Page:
When to Appeal an IRS Audit

When to Appeal an IRS Audit

When to Appeal an IRS Audit

You’ll have to consider the following factors when deciding whether to appeal the results of an IRS audit:

  • How much money is at stake.
  • Your arguments for disputing the tax assessment.
  • Whether you are able to come to a settlement.
  • The advice of your representative or tax attorney.

If you do decide to appeal the audit, you have several options.

Informal Appeals

Your first option is to informally appeal the audit results with the examiner’s supervisor. However, this option is only available for audits that take place at an IRS office. Audits can also be done by correspondence or in the field.

The good thing about these appeals is that they can be done immediately after receiving the proposed changes to your return. If you can’t agree with the supervisor or your audit didn’t take place at an IRS office, you can move on to other appeal options.

Fast Track Mediation

You’ll have 30 days to appeal the proposed changes to your return. The quickest appeal option is to request Fast Track Mediation, which is often scheduled within one week.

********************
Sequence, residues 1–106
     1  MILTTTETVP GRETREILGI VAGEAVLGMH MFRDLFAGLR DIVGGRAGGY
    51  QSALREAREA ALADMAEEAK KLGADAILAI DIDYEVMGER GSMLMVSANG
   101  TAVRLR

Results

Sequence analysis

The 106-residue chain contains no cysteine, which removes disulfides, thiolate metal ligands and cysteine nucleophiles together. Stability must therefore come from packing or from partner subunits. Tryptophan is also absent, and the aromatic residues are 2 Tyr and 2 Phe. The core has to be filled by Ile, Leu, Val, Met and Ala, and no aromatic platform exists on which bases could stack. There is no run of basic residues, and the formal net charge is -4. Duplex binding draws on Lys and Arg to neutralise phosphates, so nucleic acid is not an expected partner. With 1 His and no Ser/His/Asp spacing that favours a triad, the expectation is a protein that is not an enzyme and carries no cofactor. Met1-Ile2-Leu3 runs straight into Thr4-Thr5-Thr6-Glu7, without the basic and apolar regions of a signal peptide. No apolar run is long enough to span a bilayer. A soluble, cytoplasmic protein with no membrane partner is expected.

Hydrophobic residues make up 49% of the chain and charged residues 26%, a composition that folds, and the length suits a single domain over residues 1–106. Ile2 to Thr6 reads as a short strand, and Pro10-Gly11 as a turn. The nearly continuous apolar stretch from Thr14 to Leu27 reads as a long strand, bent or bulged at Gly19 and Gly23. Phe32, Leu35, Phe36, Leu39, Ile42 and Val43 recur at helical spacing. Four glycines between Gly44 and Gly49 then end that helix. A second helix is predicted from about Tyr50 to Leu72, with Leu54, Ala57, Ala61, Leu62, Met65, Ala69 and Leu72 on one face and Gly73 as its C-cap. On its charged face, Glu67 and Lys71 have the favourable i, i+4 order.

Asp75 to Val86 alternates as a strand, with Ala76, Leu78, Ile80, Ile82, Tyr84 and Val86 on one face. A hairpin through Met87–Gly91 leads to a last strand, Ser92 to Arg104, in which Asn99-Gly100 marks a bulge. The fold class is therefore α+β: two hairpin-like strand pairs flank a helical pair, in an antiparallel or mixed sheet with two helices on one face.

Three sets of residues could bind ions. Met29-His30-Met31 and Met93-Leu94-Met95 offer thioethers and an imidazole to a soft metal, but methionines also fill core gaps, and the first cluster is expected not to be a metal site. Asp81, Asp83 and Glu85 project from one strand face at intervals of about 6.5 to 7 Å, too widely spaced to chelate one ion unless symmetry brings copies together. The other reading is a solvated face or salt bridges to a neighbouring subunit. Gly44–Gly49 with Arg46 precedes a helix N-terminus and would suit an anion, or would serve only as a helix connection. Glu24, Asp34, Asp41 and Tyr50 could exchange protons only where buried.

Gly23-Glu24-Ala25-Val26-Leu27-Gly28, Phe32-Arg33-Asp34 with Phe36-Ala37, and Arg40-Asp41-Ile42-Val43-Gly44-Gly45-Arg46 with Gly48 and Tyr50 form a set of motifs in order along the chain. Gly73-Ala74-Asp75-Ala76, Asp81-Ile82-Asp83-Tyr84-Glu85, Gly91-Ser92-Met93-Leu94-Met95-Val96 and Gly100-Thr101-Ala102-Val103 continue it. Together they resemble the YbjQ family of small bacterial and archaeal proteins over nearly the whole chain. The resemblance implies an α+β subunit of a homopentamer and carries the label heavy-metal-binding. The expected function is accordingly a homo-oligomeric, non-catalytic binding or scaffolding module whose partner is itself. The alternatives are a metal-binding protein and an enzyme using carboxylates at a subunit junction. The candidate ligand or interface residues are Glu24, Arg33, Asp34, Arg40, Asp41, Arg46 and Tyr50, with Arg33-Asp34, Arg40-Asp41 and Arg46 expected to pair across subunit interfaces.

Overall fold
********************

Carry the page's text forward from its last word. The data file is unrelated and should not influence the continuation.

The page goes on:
A trained mediator will try to help you, your representative, and the IRS examiner sort out your issues. The mediation is non-binding, so you can leave at any time and aren’t required to agree to a resolution.

IRS Office of Appeals

The next step is to appeal with your local IRS Appeals Office. This is a separate division from the office that audited your return.

You’ll need to either file a small case request or a formal protest to requesting an appeals conference. Formal protests are required for cases involving more than $25,000 and some other types of cases.

Because the Appeals Office is a separate branch of the IRS, you may be able to negotiate with a little more flexibility. Even if you can’t reach an agreement, you still have the option to go to Tax Court.

Tax Court

After going through IRS appeals, you’ll receive a Notice of Deficiency. This notice gives you 90 days to file a petition with the U.S. Tax Court.

Keep in mind that you won’t have to pay your tax liability during this entire process. However, if you fail to petition the Tax Court within 90 days, you’ll only be able to dispute the tax by paying it in full and then requesting a refund.

Use our contact form to request a consultation with an Atlanta tax audit defense attorney at The Gartzman Law Firm.

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